© 2024 WOSU Public Media
Play Live Radio
Next Up:
0:00 0:00
Available On Air Stations

FACT CHECK: Trump Says Obamacare Is 'Exploding.' It's Not

Flanked by HHS Secretary Tom Price and Vice President Pence, Donald Trump reacts after Republicans abruptly pulled their health care bill from the House floor.
Getty Images
Flanked by HHS Secretary Tom Price and Vice President Pence, Donald Trump reacts after Republicans abruptly pulled their health care bill from the House floor.

President Trump is doing his best to put a good face on defeat in his party's attempt to replace the Affordable Care Act, also known as Obamacare.

His strategy is simple: declare that the law is failing. And he is selling that message in his own distinctly Trumpian way: concocting it out of simple, bold words and then hammering that message home, over and over: Obamacare, in his words, will "explode."

"The best thing we can do, politically speaking, is let Obamacare explode," he said in the Oval Office on Friday after the GOP health care bill went down. "It's exploding right now."

Again on Twitter on Saturday, he repeated his case: "ObamaCare will explode and we will all get together and piece together a great healthcare plan for THE PEOPLE. Do not worry!"

The law has its problems — but it is far from "exploding," using any reasonable definition of the word. Here is a quick rundown of where the Affordable Care Act stands right now, what's going well and what's not so great.

What's working

1) The exchanges are stable ...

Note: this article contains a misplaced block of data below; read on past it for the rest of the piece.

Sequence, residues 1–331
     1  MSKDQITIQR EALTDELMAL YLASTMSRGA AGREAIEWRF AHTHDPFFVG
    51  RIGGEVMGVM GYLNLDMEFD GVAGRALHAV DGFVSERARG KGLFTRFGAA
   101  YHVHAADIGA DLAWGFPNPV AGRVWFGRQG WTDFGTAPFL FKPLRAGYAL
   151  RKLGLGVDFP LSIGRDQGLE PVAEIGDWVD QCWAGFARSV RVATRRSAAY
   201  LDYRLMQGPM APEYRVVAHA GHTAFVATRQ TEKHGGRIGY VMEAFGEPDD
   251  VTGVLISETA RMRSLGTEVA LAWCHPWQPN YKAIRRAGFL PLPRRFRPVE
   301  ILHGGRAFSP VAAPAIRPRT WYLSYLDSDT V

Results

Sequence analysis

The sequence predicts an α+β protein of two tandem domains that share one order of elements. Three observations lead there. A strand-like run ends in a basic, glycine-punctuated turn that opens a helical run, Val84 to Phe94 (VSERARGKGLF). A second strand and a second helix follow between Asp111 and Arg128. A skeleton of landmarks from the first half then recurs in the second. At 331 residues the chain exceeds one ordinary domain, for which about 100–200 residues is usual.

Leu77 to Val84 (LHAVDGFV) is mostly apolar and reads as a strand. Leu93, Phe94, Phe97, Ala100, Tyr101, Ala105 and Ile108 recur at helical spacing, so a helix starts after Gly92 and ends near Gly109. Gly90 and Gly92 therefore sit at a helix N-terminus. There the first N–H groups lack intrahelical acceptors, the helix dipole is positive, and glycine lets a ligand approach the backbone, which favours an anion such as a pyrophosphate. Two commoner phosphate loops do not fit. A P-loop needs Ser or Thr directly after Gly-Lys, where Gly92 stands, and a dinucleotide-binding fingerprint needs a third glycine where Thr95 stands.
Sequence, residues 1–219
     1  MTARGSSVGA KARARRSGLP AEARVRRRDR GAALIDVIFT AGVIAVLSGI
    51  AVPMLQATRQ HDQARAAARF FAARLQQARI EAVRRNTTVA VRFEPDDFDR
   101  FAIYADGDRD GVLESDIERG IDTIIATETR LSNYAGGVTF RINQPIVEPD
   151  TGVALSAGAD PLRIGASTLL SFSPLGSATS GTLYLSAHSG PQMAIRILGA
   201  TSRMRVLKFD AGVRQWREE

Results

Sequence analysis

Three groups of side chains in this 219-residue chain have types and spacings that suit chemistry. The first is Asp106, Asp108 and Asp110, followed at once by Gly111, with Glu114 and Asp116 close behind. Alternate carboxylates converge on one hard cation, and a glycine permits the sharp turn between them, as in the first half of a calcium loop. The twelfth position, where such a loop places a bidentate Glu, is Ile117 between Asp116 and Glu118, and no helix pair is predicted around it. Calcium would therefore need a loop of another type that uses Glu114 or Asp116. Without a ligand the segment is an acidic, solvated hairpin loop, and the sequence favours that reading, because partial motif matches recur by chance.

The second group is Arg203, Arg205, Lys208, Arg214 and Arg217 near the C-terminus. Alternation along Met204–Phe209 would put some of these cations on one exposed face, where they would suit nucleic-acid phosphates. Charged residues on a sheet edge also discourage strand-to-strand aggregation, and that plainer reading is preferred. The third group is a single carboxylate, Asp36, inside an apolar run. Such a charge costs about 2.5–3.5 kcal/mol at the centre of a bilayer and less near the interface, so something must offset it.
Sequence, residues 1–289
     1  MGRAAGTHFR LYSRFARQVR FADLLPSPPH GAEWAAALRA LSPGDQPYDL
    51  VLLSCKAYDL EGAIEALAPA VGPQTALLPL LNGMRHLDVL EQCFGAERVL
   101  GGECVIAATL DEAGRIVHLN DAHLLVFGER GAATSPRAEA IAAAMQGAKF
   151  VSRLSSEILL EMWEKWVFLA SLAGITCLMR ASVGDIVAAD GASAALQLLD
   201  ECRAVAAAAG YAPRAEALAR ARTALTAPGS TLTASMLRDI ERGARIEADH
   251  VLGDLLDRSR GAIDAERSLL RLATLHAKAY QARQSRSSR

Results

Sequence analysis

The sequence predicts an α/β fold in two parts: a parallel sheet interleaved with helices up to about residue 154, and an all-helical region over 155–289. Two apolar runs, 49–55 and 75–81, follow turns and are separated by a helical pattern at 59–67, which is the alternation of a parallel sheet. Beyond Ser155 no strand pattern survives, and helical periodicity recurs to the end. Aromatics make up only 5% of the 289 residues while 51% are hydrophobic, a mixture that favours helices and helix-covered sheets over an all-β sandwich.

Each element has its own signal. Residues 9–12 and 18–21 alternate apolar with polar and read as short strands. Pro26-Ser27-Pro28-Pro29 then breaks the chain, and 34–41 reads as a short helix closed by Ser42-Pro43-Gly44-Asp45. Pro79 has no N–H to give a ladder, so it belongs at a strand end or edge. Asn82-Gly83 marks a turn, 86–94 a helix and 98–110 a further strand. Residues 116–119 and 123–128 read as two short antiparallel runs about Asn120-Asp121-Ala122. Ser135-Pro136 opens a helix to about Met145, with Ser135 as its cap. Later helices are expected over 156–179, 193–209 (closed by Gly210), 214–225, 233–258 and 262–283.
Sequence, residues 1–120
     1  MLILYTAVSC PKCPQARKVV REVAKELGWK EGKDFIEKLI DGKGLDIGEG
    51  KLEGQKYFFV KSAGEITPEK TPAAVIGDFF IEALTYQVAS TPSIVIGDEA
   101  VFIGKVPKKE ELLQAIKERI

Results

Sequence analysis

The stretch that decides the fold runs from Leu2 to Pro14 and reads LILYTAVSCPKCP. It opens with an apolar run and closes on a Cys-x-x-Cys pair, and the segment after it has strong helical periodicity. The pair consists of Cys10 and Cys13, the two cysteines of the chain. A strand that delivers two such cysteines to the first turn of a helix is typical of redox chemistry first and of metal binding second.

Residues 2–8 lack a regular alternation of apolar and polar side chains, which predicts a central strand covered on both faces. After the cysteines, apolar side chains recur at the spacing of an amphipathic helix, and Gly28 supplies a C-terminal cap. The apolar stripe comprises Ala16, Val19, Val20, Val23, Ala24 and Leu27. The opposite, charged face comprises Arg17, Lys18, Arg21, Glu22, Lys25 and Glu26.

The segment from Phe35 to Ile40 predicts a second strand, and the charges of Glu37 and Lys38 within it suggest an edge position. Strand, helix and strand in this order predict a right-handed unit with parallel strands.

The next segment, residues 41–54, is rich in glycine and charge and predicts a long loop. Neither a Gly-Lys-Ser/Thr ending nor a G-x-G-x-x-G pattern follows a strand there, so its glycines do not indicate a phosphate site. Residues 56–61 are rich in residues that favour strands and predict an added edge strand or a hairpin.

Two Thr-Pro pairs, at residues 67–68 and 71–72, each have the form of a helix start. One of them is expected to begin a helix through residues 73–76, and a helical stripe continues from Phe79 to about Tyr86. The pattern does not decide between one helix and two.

Supporters of the current health law received something of a boost last week with the Congressional Budget Office's initial assessment of the Republicans' bill. If the Affordable Care Act were kept in place, the CBO wrote, the exchanges wouldn't explode at all.

"The nongroup market would probably be stable in most areas under either current law or the [Republican] legislation," the nonpartisan office wrote.

The CBO cites two reasons:

First, it said the law requiring people to buy insurance or pay a penalty works to bring people into the market, further stabilizing the customer base.

Second, and more importantly, a strong majority of people who buy insurance through the marketplaces get financial help from the government to pay their premiums, and those subsidies rise when premiums rise. So those people are likely to continue buying insurance through the marketplaces.

2) ... In part because many people are shielded from premium hikes.

Indeed, premiums have climbed substantially in some states' exchanges, but PolitiFact found this week that "most people purchasing health care through the marketplace didn't feel it." (The fact-check organization was vetting former President Obama's claim that most exchange enrollees "have experienced no average premium hike at all.")

A study by the Kaiser Family Foundation shows that a 40-year-old who makes $30,000 could have paid the same $208 a month for an average marketplace health insurance policy in both 2016 and 2017, as long as they were willing to shop for the best price.

3) The uninsured rate has fallen — a lot.

Probably the biggest positive supporters of the Affordable Care Act point to is the fast-falling rate of people who don't have health insurance. Before the ACA, more than 16 percent of the population was uninsured. Then in 2013, the first year that the Obamacare marketplaces went live, the uninsured rate fell to 13.3 percent, and then to 10.5 percent in 2015, and to 8.9 percent in the first half of 2016, the lowest ever.

Much of that decline is because many low-income people became eligible for Medicaid under the Obamacare expansion of that program. The rest are people who bought insurance through those exchanges.

That has had knock-on effects throughout the health care industry. Most notably, hospitals are losing less money, because they don't have to treat as many people in emergency rooms who don't pay their bills. The American Hospital Association says that uncompensated care dropped from 6.1 percent of their expenses in 2012 to 4.2 percent in 2015.

4) Premiums are holding steady (but don't praise Obamacare for that)